6 Habits of Women Who Don’t Gain Weight in Menopause

by: Dr. Mary Claire Haver

As an OBGYN, I have had the privilege of taking care of thousands of women each year. Young and old, these women are the cornerstone of my medical practice, and where I spent most of my time away from my family.

Over my twenty years of practice, I noticed the trend of weight gain in women – from one to two pounds a year in midlife, then escalating to an average of 10 to 20 pounds during the menopause transition, and no one was happy about it.

I did notice, however, that not every woman succumbed to this phenomenon. I began keeping track of the habits of the women who seemed to sail through the menopause transition with no weight gain, minimal symptoms, and great overall health.

Women who don’t gain weight in menopause, do this:
They know exactly what they eat, and they keep track.

Studies have shown that Americans as a whole are terrible at estimating how much they eat a day – and many have no idea how many carbohydrates, protein and fats they are eating a day. With the now almost universal access to smartphones, it has never been easier to keep track of what you eat – and it will likely surprise you.

They have an active lifestyle.

They have exercise built into the normal part of their day, and it is a priority. They do NOT just rely on walking. They incorporate resistance training at least twice a week to keep their muscles strong. They are just as busy as everyone else, but they are far less sedentary. They look for opportunities to exercise. They take the stairs, park far from the building, walk during their lunch breaks, and hang out with people who do the same.

They meal plan.

They know what they are going to eat and when they are going to eat it. They pack their lunches for work. They look at menus before choosing a restaurant. They invest the time to prepare ingredients and meals/snacks for the week.

They limit carbohydrates.

They rarely eat processed carbohydrates. They limit starchy carbs. Instead, their meals are packed with leafy green vegetables, peas, beans, lentils, squash, berries, apples and other nutrient and fiber dense items. They understand the glycemic index and build low index foods into their diet.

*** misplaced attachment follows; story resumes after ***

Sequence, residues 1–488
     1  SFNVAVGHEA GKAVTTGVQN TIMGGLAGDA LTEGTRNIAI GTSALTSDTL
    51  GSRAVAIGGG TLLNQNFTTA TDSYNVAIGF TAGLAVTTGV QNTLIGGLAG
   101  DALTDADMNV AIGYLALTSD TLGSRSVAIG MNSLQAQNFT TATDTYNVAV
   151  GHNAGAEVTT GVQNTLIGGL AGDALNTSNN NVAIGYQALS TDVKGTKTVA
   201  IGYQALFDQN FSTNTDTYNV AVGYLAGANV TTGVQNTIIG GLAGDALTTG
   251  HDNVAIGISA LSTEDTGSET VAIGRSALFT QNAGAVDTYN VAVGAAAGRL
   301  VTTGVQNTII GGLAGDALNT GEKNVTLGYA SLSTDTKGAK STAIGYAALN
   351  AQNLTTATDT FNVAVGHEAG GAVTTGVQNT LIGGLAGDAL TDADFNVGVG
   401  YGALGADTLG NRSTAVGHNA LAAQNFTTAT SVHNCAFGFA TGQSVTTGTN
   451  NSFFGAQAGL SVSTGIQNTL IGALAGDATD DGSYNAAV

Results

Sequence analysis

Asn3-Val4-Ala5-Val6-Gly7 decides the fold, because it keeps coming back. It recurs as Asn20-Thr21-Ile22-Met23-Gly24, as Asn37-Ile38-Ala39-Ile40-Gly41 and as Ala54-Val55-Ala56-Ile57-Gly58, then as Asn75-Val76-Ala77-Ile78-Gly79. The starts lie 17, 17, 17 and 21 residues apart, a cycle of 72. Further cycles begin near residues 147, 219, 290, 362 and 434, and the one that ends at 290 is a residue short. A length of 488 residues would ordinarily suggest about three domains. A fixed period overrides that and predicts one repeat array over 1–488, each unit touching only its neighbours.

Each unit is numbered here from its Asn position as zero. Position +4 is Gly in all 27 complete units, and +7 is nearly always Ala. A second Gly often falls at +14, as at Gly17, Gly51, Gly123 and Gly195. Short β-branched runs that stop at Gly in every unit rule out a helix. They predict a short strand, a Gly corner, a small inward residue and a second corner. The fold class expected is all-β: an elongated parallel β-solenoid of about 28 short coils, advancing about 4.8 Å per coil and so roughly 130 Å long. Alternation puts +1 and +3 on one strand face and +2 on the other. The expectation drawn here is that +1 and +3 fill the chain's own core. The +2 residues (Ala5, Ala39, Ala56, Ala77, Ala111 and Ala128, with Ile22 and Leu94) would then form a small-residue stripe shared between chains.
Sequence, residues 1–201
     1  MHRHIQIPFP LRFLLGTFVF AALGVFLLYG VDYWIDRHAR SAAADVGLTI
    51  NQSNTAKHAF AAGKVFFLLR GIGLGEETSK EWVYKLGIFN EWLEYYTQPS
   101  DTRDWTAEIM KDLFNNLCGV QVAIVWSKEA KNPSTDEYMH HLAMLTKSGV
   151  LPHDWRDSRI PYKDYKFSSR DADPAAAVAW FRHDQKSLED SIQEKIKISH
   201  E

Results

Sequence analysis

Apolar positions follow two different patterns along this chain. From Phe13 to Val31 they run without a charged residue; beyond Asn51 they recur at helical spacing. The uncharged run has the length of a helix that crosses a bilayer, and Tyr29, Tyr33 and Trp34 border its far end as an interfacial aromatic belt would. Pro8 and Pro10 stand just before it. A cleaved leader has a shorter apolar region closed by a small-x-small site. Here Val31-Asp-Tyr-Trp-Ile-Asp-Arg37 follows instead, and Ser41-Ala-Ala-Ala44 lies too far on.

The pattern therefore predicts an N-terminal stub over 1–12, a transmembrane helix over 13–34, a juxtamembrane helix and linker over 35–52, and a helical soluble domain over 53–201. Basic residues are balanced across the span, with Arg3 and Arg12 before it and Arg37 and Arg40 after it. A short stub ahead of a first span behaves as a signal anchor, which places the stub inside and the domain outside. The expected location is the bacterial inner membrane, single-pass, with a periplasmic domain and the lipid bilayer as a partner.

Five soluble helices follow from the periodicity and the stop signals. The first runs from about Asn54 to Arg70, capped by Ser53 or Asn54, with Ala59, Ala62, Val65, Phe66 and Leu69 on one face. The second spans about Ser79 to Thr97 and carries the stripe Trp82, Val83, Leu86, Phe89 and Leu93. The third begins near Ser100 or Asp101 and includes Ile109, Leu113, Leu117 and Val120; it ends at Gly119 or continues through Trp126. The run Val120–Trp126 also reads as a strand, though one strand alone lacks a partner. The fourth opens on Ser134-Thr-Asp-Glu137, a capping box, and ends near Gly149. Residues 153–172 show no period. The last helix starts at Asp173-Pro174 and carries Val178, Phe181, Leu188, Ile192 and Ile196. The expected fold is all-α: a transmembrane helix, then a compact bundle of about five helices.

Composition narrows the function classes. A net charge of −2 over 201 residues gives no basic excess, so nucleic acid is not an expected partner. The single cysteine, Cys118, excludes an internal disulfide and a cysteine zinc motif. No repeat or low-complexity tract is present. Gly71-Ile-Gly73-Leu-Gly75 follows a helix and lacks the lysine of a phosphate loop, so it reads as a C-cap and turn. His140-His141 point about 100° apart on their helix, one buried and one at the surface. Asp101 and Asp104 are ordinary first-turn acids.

They eat plenty of healthy fats.

Their meals filled with nuts, seeds, avocados, olives and olive oil, and nut butters – they fill full and satisfied and rarely get hungry soon after a meal.

They get plenty of sleep.

Sleep is non-negotiable for them. Their schedule is built around the ability to get at least 7 – 8 hours EACH night. Multiple studies have shown that people who do not get enough sleep have higher hormone levels associated with weight gain and are much more likely to snack when not hungry.

When I developed The Galveston Diet – I incorporated these principals into the program, and the results for our students have been phenomenal. Learn more about The Galveston Diet here.

Related Posts:

The Galveston Diet can help women in menopause feel more confident in their skin.

This blog provides general information and discussion about medicine, health and related subjects. The words and other content provided in this blog, and in any linked materials, are not intended and should not be construed as medical advice. If the reader or any other person has a medical concern, he or she should consult with an appropriately-licensed physician or other health care worker.

Never disregard professional medical advice or delay in seeking it because of something you have read on this blog or in any linked materials. If you think you may have a medical emergency, call your doctor or emergency room immediately.

The views expressed on this blog and website have no relation to those of any academic, hospital, practice or other institution with which the authors are affiliated.

While the information on the site was prepared to provide accurate information regarding topics related to general and specific health issues, the information contained in the site is made available with the express understanding that neither Dr. Mary Claire Haver, galvestondiet.com, nor the other experts on the site, nor the site itself, nor members of the Site are dispensing medical advice and do not intend any of this information to be used for self-diagnosis or treatment.


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